As autumn begins and the days become colder and darker, a sense of melancholy descends upon us with the knowledge of a long and uncertain winter ahead. As I contemplate this thought, I think of the times we are living in, the stark reality where very little can be taken for sure or even for granted. Sometimes it feels like the dark ages have resurfaced, with a blanket of fear covering the land. Therapist encapsulates my emotions in their music rather as well as through their words, with my moods changing from one moment to the next, where „good days“ are fewer and farther apart.
With their latest release Svet/lo Slepých, the group from Nová Bystrica, Slovakia takes us on an ambient journey through a melancholic landscape of dystopic washes of sound, blending doom and black metal with gentle touches of shoegaze throughout each composition. The album begins with ...kridla sme spalili na zemi aby sme sa nedostali do raja (feat, SL0N) (...we burned our wings on the ground so that we never reach paradise), the lenghtiest track on the album with over 15 minutes of contrasts between heavy guitars and atmospheric reminders of a saddened and abandoned land, much like the one described at the beginning. It is here that elements of Slovak folklore and witchcraft, and perhaps witches themselves, rise to the surface in explosions of anger and desperation, a pain that emerges with no hope of relief. Ironically, however, the songs are not about pagan times, but are in fact topical and deal with everyday things we encounter, especially in modern society. Similarly, Atrament Prekliatia (Accursed Ink) continues with this style, with nearly 7 minutes of gloomy, yet somewhat beautiful foreshadowing, leading to a doom ending.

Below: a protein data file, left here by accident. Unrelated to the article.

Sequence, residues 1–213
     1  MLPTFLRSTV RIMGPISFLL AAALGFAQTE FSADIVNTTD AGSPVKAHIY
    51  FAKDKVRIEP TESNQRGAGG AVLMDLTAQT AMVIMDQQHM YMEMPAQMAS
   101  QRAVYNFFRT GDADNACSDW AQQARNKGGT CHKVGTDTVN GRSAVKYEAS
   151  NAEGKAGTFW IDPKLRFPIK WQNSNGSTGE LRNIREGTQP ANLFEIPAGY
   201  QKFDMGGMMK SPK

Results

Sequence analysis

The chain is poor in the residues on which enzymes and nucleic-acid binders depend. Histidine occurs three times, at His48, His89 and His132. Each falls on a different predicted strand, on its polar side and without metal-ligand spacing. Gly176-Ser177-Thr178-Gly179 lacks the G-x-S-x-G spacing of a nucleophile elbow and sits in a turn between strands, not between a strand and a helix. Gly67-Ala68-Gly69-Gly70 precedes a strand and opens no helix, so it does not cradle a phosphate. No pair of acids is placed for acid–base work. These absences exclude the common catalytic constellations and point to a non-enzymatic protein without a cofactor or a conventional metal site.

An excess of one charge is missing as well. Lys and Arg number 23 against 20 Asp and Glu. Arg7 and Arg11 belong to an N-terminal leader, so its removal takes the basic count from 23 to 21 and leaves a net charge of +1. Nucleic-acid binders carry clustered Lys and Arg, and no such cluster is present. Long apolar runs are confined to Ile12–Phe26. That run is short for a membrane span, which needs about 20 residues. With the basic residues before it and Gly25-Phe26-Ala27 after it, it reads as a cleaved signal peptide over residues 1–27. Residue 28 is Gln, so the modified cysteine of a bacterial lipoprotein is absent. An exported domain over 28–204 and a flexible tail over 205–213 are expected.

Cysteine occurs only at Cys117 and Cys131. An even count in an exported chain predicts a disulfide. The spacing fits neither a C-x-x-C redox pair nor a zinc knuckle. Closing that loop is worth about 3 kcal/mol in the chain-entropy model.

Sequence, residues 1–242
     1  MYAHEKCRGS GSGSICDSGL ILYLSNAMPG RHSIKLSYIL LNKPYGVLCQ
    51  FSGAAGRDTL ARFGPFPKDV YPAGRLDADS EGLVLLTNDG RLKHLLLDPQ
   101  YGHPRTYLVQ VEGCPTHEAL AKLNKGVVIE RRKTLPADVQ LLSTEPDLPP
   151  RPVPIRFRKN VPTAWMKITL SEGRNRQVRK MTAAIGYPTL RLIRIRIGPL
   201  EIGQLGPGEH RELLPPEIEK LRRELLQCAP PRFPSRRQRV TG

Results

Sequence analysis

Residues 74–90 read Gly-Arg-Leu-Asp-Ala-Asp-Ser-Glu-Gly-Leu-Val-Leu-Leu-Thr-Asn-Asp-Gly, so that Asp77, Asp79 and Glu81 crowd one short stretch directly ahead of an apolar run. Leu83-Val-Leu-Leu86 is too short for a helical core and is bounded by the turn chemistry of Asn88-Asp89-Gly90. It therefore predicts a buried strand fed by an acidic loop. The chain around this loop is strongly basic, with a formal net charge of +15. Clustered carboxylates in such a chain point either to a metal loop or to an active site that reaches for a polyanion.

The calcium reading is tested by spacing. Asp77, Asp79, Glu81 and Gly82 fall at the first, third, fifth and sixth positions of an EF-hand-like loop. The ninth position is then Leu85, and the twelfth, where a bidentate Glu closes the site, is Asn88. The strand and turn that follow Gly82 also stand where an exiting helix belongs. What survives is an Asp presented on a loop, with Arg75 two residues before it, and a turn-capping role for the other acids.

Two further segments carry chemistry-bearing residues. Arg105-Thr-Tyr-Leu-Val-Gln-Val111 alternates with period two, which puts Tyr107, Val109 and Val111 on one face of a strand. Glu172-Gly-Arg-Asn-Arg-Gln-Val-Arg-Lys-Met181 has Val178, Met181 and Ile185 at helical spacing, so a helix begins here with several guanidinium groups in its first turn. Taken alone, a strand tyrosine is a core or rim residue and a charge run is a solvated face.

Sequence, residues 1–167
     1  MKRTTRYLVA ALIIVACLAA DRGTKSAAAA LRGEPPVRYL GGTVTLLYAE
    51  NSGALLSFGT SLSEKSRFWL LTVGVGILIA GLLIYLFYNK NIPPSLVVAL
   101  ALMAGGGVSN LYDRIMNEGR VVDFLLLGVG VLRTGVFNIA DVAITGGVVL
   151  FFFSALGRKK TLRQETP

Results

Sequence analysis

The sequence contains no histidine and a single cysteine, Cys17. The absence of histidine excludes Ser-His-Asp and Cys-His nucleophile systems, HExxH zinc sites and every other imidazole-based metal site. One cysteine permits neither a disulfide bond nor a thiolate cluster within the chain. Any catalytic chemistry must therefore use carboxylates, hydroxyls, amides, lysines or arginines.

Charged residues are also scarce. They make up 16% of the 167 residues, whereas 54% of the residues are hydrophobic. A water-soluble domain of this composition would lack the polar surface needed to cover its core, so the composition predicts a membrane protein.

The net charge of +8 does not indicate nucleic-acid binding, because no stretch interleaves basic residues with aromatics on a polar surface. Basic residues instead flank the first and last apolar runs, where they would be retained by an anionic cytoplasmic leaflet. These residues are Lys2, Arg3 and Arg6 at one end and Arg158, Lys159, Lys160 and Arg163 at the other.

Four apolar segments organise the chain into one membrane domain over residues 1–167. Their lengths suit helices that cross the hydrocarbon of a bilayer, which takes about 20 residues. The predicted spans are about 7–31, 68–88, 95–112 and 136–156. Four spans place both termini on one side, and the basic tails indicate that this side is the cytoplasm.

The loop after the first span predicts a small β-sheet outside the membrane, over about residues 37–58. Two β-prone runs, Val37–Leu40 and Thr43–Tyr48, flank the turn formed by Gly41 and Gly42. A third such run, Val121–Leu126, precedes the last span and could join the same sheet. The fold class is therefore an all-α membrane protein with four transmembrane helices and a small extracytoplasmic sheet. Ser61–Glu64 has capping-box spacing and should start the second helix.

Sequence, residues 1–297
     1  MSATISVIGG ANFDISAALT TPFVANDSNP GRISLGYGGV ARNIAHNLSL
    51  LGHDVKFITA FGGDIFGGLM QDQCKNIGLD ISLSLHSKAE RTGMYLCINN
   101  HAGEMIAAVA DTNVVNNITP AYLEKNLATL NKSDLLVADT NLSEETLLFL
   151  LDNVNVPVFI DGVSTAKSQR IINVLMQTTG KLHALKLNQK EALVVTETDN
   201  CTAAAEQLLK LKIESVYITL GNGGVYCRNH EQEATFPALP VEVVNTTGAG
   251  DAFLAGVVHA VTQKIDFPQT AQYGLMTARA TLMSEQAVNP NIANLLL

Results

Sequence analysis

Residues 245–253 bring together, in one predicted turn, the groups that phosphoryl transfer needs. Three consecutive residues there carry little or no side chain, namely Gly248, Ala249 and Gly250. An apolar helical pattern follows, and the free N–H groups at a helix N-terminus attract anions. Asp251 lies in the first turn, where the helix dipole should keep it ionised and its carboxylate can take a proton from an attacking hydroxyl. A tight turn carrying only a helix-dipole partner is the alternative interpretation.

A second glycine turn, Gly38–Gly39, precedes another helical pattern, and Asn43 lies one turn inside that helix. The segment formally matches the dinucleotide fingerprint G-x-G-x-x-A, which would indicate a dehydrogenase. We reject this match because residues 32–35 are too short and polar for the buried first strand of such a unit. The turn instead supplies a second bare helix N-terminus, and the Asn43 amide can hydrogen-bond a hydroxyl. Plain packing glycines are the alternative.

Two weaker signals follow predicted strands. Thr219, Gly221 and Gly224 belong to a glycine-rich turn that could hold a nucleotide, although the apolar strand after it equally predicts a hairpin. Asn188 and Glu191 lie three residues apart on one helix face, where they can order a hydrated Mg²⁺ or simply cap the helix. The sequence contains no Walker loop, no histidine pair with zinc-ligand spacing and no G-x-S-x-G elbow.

All the tracks on Svet/lo Slepých are lengthy with only two that are under 2 minutes in, yet still appropriately placed amongst the others. My favourite is Smrteľný Hriech, a deeply personal song with lyrics such as „človek čo cíti, cíti prázdnotu“ (he who can feel, feels only emptiness). And it is precisely this tune where I get the meaning of „funeral doom“, a genre which classifies this song well, although I wouldn’t necessarily label the band this way. Much of the content is doom or black metal with a wall of sound in the background of the heavier bits, similar to the French band Alcest, yet definitely not a copy. And my overall impression? This is a great album with amazing production and mixing that really portrays the changing of the seasons and times very well. All the songs are personal and well-composed and very original. Svet/lo Slepých would definitely be a welcome addtion to any doom or black metalhead’s collection.